Where’s Auralia Today? Report #5 – Amy Wellborn at CBA
July 11, 2007
You know, so many conversations I’ve had about Auralia’s Colors with my agent and the publishers have occurred via email, that sometimes I suddenly wake up and realize…
THIS IS REALLY HAPPENING.
The characters I love — Auralia, the Ale Boy, Krawg, Warney, Cal-raven, Ark-robin, and yes, even Maugam the Jailer — they’re going out into the real world, and people are going to read about them.
One of my favorite bloggers, Amy Wellborn is at the International Christian Retail Conference, and she’s blogging about what she sees.
And, well… look at what she has seen.
In case he wasn’t aware of it (and I’m sure he is), this one is for Jeffrey Overstreet, whose first novel, Auralia’s Colors, is being published by Waterbrook this fall. The book, which, from the first chapter seems to be excellent, is getting nice exposure at the show…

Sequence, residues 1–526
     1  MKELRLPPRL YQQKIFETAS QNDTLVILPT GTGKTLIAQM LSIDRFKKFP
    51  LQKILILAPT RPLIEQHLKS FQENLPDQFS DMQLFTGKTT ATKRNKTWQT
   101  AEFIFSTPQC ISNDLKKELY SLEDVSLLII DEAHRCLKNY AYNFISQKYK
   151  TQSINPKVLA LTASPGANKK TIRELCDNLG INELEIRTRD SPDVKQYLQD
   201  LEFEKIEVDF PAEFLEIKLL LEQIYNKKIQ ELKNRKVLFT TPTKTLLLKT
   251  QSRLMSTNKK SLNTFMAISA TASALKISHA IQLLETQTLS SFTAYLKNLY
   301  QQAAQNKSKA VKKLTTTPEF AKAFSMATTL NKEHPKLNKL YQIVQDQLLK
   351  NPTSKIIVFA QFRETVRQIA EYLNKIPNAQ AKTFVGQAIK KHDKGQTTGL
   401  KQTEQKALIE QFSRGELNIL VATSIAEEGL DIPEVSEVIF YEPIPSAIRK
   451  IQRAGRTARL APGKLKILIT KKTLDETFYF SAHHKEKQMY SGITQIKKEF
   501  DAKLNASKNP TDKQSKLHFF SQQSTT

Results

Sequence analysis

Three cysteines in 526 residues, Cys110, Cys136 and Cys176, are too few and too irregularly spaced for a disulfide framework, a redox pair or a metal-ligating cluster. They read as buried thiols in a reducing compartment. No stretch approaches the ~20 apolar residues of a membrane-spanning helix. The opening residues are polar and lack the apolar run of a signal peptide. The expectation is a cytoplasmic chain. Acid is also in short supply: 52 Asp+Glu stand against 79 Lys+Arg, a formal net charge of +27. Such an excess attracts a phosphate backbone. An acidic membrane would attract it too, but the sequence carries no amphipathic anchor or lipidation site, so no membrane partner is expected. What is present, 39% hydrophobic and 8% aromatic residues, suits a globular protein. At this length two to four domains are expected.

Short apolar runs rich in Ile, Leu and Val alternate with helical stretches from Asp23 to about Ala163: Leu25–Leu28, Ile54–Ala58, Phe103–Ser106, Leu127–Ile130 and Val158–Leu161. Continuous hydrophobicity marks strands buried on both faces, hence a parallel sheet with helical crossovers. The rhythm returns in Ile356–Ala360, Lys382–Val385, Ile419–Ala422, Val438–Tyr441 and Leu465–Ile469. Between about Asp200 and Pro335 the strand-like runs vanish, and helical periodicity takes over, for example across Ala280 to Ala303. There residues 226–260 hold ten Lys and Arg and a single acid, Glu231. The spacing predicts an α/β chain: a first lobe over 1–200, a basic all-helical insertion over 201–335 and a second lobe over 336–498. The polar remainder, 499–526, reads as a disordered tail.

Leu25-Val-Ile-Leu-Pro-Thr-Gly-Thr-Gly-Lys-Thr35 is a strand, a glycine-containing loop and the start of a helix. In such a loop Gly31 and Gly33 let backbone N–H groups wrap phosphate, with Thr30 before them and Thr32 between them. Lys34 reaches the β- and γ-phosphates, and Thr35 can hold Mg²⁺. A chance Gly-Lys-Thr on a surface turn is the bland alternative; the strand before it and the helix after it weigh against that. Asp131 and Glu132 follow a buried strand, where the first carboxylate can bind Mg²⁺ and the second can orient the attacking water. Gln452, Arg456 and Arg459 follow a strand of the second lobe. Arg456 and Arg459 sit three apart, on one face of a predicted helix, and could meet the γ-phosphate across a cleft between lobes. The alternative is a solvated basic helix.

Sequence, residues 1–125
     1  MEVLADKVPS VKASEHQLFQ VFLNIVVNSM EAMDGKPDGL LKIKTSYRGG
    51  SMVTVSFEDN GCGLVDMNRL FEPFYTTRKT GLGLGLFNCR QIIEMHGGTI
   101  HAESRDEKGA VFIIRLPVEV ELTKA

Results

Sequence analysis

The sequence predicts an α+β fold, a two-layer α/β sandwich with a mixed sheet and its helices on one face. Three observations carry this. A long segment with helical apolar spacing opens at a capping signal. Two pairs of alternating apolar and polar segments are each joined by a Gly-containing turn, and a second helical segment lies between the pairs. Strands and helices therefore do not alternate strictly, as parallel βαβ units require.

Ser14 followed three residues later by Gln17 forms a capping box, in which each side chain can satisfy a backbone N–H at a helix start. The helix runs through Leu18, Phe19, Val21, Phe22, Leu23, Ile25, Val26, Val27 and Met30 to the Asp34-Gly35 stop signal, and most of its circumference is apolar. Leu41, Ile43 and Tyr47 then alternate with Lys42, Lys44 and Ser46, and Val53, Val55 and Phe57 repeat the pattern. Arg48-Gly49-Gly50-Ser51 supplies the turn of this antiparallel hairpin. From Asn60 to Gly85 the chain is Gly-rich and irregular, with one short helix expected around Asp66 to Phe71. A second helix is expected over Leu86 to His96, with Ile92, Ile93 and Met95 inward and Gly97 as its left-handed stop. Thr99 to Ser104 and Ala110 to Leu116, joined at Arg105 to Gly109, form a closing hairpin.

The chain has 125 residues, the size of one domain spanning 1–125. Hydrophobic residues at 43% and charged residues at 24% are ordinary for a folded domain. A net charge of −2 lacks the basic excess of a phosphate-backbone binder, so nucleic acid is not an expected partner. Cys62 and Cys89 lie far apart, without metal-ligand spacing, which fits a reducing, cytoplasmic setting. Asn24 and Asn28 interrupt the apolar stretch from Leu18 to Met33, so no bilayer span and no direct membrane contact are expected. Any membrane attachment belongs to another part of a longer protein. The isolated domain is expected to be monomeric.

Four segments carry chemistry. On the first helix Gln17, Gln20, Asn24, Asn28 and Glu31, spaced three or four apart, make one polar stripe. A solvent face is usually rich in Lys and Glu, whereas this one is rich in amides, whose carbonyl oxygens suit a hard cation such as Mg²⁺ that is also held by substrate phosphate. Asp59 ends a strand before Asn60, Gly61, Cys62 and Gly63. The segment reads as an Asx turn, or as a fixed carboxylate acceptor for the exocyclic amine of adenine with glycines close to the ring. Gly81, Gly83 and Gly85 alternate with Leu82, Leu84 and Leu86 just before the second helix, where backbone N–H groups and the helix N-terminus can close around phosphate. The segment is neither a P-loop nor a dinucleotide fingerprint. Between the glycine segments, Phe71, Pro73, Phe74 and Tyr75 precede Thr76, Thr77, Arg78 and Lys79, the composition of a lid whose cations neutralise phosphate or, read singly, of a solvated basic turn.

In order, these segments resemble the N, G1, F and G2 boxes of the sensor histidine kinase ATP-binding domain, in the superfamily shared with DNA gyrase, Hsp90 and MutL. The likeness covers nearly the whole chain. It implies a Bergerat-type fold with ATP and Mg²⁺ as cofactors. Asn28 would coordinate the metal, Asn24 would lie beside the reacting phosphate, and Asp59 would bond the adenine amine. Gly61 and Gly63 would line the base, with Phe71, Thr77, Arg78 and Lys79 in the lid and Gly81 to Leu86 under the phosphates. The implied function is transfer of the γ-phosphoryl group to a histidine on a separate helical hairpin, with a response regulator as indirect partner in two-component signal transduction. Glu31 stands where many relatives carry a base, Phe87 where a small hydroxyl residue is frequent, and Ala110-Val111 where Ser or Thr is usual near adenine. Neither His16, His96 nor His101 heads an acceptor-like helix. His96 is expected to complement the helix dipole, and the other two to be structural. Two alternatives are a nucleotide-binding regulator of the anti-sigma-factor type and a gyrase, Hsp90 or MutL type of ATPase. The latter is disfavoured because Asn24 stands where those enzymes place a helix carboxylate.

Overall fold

In fact, Amy… I didn’t know it was getting exposure like THAT.
Thanks so much for noticing!
I also noticed Auralia’s Colors mentioned in this article.
Which is interesting…
…because most of the things said in this article about “Christian fantasy fiction” have little or nothing to do with Auralia’s Colors.
My mechanic is a Christian. He fixes cars. Is his car-repair “Christian auto repair”? I wouldn’t say so. It’s just good car repair. He glorifies God by doing good work as a mechanic.
Similarly, I’m trying to glorify God by writing a memorably spooky, frightening, enthralling adventure story. I did not try to “work in Christian elements.” If you asked me, “What’s the Christian message?” I wouldn’t know what to say. There are no characters in Auralia’s Colors here that are meant to represent Jesus. (One person who read the book said to me, “It’s strange… the closest thing you have to a ‘Christ figure’ in this story is an inanimate object.” I got a good laugh out of that.)
Hopefully, Auralia’s Colors is just good storytelling. But that’s for you to judge. If it doesn’t measure up to the standards of excellence in the general-market fantasy literature, then it’s not good enough for me.